I've also seen many members, of this particular forum and a few other enthusiast forums (PCStats, Tom's Hardware, AnandTech, Whirlpool.. to name a few), who have overclocked the heck out of these chips and pumped the volts to them. I've seen a single post where someone said they've killed one, but I could have missed it if their were others, and if so it/they would definitely be the the exception to the rule. So if you want to see how many others run 1.45v or more to these chips without problems, just do a search. All of those forums have many users doing it.

 

No one is advocating pumping high voltage to a CPU. The problem lies in where some of us define "high" voltage. What I told the OP was to start at 1.45v and work backwards until he finds the minimum for stability. From my experience with these CPUs, it could be anywhere from 1.375 to 1.425v for 4.0GHz. They vary that much. Most will overclock to 3.6 or 3.8GHz on stock voltage, but will require more to do 4.0GHz and above and remain stable. I don't consider 1.45v high voltage for the E8400 with aftermarket cooling just to get it started, and it's a helluva lot easier to start there and work backwards than start stock and work up 1 notch at a time. BSODs can corrupt your OS (especially on RAID 0) and should be avoided if possible. I'm not advocating anyone run an E8400 at 1.45v every day, but I wouldn't hesitate to do so on mine.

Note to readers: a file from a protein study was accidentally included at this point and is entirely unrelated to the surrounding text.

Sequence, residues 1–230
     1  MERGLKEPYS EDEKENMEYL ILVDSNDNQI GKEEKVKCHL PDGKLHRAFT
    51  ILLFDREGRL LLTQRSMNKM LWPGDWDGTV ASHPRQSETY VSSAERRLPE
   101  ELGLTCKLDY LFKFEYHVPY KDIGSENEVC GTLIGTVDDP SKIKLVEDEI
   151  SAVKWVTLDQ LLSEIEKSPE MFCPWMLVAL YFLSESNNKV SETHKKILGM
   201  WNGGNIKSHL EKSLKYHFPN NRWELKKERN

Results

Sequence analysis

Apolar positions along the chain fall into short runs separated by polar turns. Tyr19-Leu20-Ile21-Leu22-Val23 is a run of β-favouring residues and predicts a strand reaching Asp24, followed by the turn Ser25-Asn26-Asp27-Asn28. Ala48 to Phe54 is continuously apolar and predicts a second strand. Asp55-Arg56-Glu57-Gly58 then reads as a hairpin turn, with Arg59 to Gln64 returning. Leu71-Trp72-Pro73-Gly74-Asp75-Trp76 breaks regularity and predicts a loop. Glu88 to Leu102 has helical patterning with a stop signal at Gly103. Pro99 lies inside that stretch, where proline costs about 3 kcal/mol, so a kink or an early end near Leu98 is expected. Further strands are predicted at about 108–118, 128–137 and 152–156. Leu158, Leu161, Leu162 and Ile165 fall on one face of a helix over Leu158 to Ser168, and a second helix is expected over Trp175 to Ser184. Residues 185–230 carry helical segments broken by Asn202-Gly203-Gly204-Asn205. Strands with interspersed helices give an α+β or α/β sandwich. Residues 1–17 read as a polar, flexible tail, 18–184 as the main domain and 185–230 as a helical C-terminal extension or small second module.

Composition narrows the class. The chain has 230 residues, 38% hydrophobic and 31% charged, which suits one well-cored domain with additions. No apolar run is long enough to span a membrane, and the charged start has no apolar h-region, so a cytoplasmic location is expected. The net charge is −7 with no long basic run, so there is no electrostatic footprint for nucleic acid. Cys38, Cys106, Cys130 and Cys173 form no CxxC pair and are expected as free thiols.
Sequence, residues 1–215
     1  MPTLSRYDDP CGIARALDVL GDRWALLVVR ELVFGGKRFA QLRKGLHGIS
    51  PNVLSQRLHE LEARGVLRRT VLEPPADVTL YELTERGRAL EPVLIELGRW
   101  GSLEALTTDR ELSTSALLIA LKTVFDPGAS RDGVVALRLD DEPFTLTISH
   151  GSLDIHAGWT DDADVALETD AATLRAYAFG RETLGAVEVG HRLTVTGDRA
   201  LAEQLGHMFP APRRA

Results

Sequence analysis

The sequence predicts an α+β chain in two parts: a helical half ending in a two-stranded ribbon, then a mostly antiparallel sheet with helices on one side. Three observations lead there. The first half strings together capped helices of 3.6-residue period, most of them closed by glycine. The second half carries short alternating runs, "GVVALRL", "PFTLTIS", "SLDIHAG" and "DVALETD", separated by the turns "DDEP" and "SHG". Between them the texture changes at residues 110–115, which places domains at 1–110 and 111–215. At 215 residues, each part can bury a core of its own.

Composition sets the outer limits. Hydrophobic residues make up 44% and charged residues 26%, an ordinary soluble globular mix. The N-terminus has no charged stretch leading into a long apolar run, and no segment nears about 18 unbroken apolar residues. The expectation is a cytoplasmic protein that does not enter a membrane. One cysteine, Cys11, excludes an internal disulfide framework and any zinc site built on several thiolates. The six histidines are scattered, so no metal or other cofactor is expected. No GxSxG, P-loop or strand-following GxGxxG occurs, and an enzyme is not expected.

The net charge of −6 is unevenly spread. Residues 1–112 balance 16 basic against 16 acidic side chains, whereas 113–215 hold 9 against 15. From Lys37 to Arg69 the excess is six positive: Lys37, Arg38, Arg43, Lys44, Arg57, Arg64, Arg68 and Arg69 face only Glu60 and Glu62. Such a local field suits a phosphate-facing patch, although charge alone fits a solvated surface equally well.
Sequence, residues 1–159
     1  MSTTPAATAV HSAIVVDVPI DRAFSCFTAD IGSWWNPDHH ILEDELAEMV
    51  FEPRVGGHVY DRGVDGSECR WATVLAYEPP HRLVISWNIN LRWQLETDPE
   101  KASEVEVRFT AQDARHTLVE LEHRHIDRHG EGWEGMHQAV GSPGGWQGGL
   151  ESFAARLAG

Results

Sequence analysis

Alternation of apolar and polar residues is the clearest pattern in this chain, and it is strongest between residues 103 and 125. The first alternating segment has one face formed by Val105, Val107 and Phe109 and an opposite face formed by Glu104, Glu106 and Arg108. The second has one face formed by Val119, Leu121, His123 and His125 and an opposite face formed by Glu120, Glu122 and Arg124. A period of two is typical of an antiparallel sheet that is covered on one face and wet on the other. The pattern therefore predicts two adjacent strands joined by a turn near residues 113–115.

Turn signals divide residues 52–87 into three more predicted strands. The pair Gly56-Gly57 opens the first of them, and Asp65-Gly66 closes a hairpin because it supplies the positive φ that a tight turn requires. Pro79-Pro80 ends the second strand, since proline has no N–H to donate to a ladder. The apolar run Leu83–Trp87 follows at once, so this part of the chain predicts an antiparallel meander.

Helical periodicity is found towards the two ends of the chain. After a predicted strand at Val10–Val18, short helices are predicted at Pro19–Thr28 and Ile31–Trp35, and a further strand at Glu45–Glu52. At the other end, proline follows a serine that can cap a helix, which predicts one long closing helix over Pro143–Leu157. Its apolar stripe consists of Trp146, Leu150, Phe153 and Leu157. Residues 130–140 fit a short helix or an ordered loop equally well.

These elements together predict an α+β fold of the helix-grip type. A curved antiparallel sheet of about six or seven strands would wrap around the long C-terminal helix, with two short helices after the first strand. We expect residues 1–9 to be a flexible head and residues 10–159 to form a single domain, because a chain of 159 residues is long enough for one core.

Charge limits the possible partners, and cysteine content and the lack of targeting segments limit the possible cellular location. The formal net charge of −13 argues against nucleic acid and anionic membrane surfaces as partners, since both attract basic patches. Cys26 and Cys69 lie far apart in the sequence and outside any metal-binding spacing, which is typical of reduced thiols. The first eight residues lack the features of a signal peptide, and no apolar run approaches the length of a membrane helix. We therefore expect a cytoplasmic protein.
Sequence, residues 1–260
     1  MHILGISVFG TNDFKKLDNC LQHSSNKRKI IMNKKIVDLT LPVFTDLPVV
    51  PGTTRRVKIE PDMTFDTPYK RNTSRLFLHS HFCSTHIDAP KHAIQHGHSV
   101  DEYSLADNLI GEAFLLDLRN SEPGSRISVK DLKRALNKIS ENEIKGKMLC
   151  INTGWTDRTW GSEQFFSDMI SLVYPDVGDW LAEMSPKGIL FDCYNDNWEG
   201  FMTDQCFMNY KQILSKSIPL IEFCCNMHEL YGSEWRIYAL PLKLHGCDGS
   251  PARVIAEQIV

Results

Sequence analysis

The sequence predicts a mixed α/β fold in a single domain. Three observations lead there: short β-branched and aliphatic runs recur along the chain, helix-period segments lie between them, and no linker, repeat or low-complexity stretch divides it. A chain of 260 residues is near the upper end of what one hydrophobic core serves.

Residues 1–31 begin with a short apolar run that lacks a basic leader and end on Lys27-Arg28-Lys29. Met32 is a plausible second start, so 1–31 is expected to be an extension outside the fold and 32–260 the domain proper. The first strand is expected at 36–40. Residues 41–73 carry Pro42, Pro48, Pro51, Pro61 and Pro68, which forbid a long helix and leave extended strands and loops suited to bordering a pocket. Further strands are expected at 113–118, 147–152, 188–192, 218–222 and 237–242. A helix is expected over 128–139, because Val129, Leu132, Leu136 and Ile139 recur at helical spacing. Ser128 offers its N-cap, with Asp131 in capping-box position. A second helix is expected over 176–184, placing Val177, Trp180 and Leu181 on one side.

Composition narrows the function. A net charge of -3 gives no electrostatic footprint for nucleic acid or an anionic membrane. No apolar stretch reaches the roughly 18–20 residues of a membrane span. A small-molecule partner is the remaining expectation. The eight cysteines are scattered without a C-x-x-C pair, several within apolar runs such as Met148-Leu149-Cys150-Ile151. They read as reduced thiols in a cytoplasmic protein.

Again, anyone concerned about a CPU dying early shouldn't be attempting to overclock, period. Those willing to gamble can achieve much faster speeds than stock (25% or more isn't uncommon), and theoretically get more done in less time than a stock system. Your CPU may last for 4 years or 10 years. All Intel is concerned about is making it through the 3 year warranty. My own system will be upgraded around that time anyway.

 

I hope my customers' systems last closer to 10 years. From what we've seen so far, we have no reason to think they won't.

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Its funny your all talking about voltage, with this overclock:

 

http://valid.canardpc.com/show_oc.php?id=449069

 

I used 1.60Vcore with a Thermalright Ultra 120 extreme to get my E8400 to 4.7ghz!

 

My E8400 is one of those that really eat up voltage, after 3.6ghz i really have to give it some more juice. But grats to the OP, well done on your 4ghz home run, next step is to get it higher and just keep going, feel the rush ;)!

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I came in here a bit late, but jamesski it helps if you use a little more descriptive thread title.

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I came in here a bit late, but jamesski it helps if you use a little more descriptive thread title.

its alright maxxy i <3 you still ;)